It's not how big but how you use it, right?
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Sorry, don't agree with either of you. Small speakers can be incredible in certain aspects, don't get me wrong. Case in point being the newer Kudos C-10's, lovely in just so so many ways, and I could live with them if I had to, yet, they still have that small speaker imprint. I'd have to settle on one of its bigger siblings for the long haul. Same with any other smaller speaker I've heard. I play too great a variety of music for a small speaker.
But, if small works for you, and apparently many many others, that's great!
Good observation Nocaster. That is why I paired my Dali Helicon 300s with
exceptional components (McIntosh tube gear... but it could be numerous
companies with great tube components) to help provide the great listening
Yeah I don't have the deep bass. Do I miss authority in the bottom end with kick
drum? Sure- on some songs. The sound is dynamic, detailed and warm with
great depth from a smallish speaker. Synergy is also key to making it right.
Chashas1 eventually I will get a larger full range speaker like Avalon Indra or
Magico V3. But for right now I'm staying with the small speaker with great tube
Nocaster, I think that with the Guarneri's one gets a little spoilt since they do so many things right. However, in a large room I happen to think you need a large speaker, or at least one that can fill the room easily without strain. The Guarneri's are fantastic in a small-medium size room, in a large to very large room, I think more ability to move air is a requirement.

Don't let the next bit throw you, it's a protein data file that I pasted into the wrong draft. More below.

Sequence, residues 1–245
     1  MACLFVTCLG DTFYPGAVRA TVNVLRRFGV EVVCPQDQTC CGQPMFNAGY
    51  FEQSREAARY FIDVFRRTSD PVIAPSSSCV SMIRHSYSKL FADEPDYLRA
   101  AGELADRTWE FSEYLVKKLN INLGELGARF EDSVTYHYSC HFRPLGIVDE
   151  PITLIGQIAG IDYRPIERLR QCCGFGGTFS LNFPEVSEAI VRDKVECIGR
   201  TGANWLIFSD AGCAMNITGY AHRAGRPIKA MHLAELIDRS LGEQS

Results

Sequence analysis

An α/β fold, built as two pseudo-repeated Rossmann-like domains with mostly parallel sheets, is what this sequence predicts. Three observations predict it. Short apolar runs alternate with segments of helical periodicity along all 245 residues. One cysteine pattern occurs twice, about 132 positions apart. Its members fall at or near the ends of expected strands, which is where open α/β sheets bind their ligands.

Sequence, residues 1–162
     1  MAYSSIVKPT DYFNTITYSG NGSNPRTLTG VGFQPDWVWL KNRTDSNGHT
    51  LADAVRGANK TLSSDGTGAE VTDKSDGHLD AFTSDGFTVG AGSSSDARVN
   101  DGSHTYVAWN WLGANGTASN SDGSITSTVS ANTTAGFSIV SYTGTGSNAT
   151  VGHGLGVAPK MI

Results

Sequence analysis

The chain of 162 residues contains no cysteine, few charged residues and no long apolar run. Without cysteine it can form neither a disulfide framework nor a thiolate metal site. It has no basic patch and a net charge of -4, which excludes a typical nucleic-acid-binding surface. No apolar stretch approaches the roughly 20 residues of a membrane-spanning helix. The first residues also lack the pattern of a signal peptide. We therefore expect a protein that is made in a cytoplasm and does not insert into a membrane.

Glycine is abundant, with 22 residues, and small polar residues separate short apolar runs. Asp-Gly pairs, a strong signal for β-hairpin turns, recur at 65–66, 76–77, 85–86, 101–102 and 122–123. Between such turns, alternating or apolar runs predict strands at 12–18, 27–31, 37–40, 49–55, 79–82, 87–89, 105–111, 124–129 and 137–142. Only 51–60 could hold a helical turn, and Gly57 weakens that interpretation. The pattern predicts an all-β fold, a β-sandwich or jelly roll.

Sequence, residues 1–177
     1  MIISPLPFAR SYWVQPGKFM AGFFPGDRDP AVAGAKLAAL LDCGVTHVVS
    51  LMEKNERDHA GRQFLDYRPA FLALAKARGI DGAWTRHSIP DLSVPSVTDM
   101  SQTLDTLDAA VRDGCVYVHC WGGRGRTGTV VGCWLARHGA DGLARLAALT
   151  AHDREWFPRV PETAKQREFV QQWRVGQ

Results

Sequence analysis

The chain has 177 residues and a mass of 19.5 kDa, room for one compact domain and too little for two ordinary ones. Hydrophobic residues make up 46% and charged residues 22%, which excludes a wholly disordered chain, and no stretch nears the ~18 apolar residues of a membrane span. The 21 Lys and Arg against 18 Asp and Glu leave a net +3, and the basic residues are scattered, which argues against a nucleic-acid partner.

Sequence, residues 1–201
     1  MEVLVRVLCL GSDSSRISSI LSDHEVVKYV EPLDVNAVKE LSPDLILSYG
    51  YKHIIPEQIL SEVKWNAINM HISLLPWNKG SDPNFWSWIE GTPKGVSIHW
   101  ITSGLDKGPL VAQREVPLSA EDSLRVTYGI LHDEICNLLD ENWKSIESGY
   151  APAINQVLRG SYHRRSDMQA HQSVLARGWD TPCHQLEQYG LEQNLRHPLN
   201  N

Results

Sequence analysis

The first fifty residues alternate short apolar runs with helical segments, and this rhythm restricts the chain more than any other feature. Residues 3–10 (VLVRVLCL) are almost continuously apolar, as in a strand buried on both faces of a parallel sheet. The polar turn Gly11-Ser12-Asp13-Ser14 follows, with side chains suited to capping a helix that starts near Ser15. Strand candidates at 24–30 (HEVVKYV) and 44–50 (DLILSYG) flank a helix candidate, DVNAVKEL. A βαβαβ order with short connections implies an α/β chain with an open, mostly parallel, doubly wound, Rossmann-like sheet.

It's a simple law of physics that x number of large drivers can move more air than x number of small drivers.
All of the above are very good points and observations. My listening space is somewhere between small and medium, as Davef pointed out in a much larger room a larger speaker might be the way to go. Given that scenario though I would go with room treatments and position myself closer to the speakers. Of course if it's a huge room all bets are off. All the best!
I think the room aspect of the equation is the most important one. I have a very big living room and also a small/medium bedroom. I've been listening to some different monitors as well as small floorstanders in both systems. It is amazing how much bass the small monitors have in the bedroom, they sound full and easily driven with 100 watts. In my living room however, almost no matter how big the speakers get I always feel like I need more. More power and more bass. The sound is overall better, but in the smaller room it is just so much easier for the speakers to do their thing. It has really got me thinking lately that if you do have a small to medium room, you are lucky in a way that you can easily drive your speakers with most amps and you will probably get plenty of bass and drive out of a smaller speaker.
Obviously there are a great many variables that can be involved in this kind of comparison, but in addition to room size which has been mentioned, I would single out listening distance as well. Large multi-way speakers require greater listening distance for their drivers to blend properly, which may not be possible in a small to medium sized room. And even if it is physically possible to sit far enough away, doing so in a small room may result in side-wall reflection problems.
I know what you mean about "Move some air to get it done right". In my case to get it done right I prefer a nice glass of Amarone to accompany the music (ha ha). I think in the end there is probably no absolute solution to obtaining the best hi fi, only the best solution for your particular budget and taste.